The Ginger Man by J. P. Donleavy
J. P. Donleavy’s The Ginger Man was released in 1955 and has since become a classic of the pre-’60s nonconformist chronicle. When the novel first appeared, Dorothy Parker called it “a rigadoon of rascality,” and in 1998, the Modern Library ranked it number 99 on their list of Top 100 Novels.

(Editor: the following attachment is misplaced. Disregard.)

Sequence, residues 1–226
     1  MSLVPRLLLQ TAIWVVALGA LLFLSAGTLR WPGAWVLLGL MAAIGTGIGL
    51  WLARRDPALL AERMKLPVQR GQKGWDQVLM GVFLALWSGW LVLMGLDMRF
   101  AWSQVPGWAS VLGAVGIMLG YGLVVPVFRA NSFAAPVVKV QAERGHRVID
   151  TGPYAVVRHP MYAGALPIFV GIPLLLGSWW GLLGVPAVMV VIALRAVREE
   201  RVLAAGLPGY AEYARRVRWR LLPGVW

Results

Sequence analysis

The novel’s renegade hero is Sebastian Balfe Dangerfield, an American living in Dublin and studying law at Trinity College. Dangerfield is married to an Englishwoman, Marion, and father to their infant daughter, Felicity, but his penchant for alcohol and women, as well as dodging rent, fatherhood and his studies forms the basis of the novel’s action. He’s a buttoned-down type on the Mad Men track who’s decided to chuck it all in the service of fun, snubbing bourgeois convention and yearning for the inheritance that will fund his hedonistic pursuits. The novel’s numerous female characters suffer his exploits — his wife and daughter, as well as the women he opportunistically pursues and then rejects. And though fate catches up to Dangerfield when his long-awaited inheritance is deferred, he suffers no guilt. That doesn’t hurt the novel, because with a conscience, this character wouldn’t have been nearly so entertaining. Still, I can’t help but wonder what it might have been like to see the crack in Dangerfield’s emotional armor, to see him suffer just a tad of the disappointment and loss of hope suffered by the women he encounters.